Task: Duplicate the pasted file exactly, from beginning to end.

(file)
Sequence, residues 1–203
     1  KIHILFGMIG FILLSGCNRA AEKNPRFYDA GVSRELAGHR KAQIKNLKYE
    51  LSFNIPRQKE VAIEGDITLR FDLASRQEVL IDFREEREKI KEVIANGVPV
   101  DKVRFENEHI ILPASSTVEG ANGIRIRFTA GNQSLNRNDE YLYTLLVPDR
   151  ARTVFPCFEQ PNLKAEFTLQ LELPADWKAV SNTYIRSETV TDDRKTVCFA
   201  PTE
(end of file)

Sequence, residues 1–203
     1  KIHILFGMIG FILLSGCNRA AEKNPRFYDA GVSRELAGHR KAQIKNLKYE
    51  LSFNIPRQKE VAIEGDITLR FDLASRQEVL IDFREEREKI KEVIANGVPV
   101  DKVRFENEHI ILPASSTVEG ANGIRIRFTA GNQSLNRNDE YLYTLLVPDR
   151  ARTVFPCFEQ PNLKAEFTLQ LELPADWKAV SNTYIRSETV TDDRKTVCFA
   201  PTE